Also of note is the satisfaction of both the clinicians and their patients with the home telemonitoring program. Satisfaction is important to measure across all telemedicine programs as it can play a major role in the acceptance and success of a telehealth intervention. The patients, relatives, and healthcare professionals all reported high levels of satisfaction, which is consistent with other studies that demonstrate that healthcare providers are generally satisfied with telemedicine programs that facilitate clinician involvement.

Keys To A Successful Telehealth Program

This small exploratory study demonstrated that home telemonitoring in primary care limits the overuse of healthcare resources by decreasing hospital admissions and emergency department visits, as well as potentially shortening the length of hospital stay.

The authors also used the study's results to identify several key factors that facilitate successful implementation of a primary care home based telemonitoring program:

  • Acceptance of and adherence to the telemonitoring program by primary care professionals

  • Promoting the leading role of nursing

  • Institutional support for telehealth initiatives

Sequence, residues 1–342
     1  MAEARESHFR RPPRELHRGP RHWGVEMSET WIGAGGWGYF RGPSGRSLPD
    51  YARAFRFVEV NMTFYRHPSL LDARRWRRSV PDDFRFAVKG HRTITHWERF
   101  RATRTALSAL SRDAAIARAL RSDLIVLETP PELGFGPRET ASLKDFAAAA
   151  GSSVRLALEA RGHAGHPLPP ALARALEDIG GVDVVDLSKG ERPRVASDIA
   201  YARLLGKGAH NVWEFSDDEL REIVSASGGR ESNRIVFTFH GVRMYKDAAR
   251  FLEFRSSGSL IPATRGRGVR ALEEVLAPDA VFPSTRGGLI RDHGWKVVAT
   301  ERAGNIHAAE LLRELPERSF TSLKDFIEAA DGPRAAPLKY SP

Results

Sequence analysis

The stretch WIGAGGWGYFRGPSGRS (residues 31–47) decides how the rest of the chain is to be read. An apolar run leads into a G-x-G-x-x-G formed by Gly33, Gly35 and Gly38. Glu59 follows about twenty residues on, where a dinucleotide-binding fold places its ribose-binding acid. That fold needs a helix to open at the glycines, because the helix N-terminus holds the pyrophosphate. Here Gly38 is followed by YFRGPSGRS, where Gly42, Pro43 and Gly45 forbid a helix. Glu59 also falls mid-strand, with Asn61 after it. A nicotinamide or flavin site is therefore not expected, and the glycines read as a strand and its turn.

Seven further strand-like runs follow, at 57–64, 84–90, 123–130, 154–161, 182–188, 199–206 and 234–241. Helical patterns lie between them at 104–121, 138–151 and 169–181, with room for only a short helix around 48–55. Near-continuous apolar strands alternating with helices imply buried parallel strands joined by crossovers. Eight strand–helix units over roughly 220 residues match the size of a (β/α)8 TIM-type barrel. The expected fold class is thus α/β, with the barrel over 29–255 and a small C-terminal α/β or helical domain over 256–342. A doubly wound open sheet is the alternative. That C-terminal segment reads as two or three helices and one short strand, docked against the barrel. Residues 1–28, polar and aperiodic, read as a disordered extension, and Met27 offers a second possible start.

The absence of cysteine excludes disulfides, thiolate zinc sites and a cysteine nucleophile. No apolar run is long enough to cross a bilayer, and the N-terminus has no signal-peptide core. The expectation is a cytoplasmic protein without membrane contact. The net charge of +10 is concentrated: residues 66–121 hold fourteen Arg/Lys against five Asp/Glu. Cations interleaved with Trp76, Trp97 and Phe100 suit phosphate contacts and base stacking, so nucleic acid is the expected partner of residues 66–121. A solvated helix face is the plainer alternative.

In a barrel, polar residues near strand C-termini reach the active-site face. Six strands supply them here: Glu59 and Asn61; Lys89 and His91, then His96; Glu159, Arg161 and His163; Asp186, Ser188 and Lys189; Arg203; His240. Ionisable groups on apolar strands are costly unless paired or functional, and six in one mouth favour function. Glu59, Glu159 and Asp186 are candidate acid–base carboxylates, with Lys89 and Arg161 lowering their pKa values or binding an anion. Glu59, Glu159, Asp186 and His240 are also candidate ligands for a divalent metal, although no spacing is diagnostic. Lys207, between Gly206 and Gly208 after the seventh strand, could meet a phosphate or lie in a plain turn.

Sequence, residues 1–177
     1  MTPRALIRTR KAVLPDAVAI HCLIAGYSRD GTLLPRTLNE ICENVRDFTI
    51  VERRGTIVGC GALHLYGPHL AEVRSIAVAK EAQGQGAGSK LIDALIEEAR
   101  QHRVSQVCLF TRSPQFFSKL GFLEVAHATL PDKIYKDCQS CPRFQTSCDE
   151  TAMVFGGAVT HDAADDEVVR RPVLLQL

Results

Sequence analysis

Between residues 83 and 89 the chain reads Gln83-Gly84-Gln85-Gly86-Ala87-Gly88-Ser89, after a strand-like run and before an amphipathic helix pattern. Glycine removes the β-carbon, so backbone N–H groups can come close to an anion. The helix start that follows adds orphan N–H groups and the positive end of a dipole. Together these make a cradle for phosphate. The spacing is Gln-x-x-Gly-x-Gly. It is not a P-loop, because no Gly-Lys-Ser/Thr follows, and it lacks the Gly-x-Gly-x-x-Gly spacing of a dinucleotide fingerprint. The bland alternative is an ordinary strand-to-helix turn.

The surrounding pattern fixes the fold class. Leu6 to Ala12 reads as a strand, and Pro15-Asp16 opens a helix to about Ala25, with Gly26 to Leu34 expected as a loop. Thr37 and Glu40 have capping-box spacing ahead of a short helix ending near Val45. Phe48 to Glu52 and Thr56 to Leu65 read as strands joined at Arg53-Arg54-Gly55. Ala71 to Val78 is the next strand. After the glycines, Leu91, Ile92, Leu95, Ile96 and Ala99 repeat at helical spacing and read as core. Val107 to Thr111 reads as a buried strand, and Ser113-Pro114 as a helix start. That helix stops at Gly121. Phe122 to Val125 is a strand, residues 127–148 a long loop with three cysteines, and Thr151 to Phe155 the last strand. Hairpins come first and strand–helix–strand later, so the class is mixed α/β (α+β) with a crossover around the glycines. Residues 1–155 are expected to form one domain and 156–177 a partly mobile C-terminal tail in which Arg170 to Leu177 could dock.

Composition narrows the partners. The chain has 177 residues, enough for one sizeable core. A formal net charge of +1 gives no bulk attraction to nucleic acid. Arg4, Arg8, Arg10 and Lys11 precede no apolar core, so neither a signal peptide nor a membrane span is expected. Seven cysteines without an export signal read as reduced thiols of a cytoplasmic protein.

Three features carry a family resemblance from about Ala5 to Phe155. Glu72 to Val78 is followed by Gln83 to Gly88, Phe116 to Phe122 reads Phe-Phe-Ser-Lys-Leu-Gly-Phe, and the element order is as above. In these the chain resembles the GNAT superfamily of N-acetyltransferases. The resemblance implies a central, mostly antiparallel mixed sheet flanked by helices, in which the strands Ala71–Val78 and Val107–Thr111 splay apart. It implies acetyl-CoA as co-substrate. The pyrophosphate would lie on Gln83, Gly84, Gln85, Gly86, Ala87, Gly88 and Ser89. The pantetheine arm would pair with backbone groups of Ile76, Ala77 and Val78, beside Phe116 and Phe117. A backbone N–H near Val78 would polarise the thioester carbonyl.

• Availability of human and material resources to dedicate to telehealth

  • Adaptation of care processes to include a telehealth model

Despite the lack of a control group, these outcomes and suggestions can be generalized to primary care settings because the study did closely mimic regular clinical practice by focusing on comorbidities and patient function. Additionally, the researchers recruited professionals who are usually in charge of these patients to lead the telemonitoring efforts.

Overall, the results from this study demonstrate that a home telemonitoring program in primary care is a feasible way to improve the efficiency of healthcare resource utilization. Healthcare systems that embrace telehealth will be able to take a proactive approach to treating the growing population of people living with chronic diseases. As a result, our healthcare organizations will become more efficient without compromising the quality of care they provide.

 

Click Here To Learn More About How To Reduce  Hospital Readmissions With Telehealth


References:

Martín-Lesende I, Orruño E, Mateos M, et al. Telemonitoring in-home complex chronic patients from primary care in routine clinical practice: Impact on healthcare resources use. Eur J Gen Pract. 2017 Dec;23(1):135-142.

Chae YM, Heon Lee J, Hee Ho S, et al. Patient satisfaction with telemedicine in home health services for the elderly. Int J Med Inform. 2001;61:167–173.

McFarland LV, Raugi GJ, Reiber GE. Primary care provider and imaging technician satisfaction with a teledermatology project in rural Veterans Health Administration clinics. Telemed J E Health. 2013;19: 815–825.

Glaser M, Winchell T, Plant P, et al. Provider satisfaction and patient outcomes associated with a statewide prison telemedicine program in Louisiana. Telemed J E Health. 2010;16:472–479.

 

Tags: Best Practices, disease management, remote patient monitoring, chronic disease, primary care, introducing telehealth, clinician engagement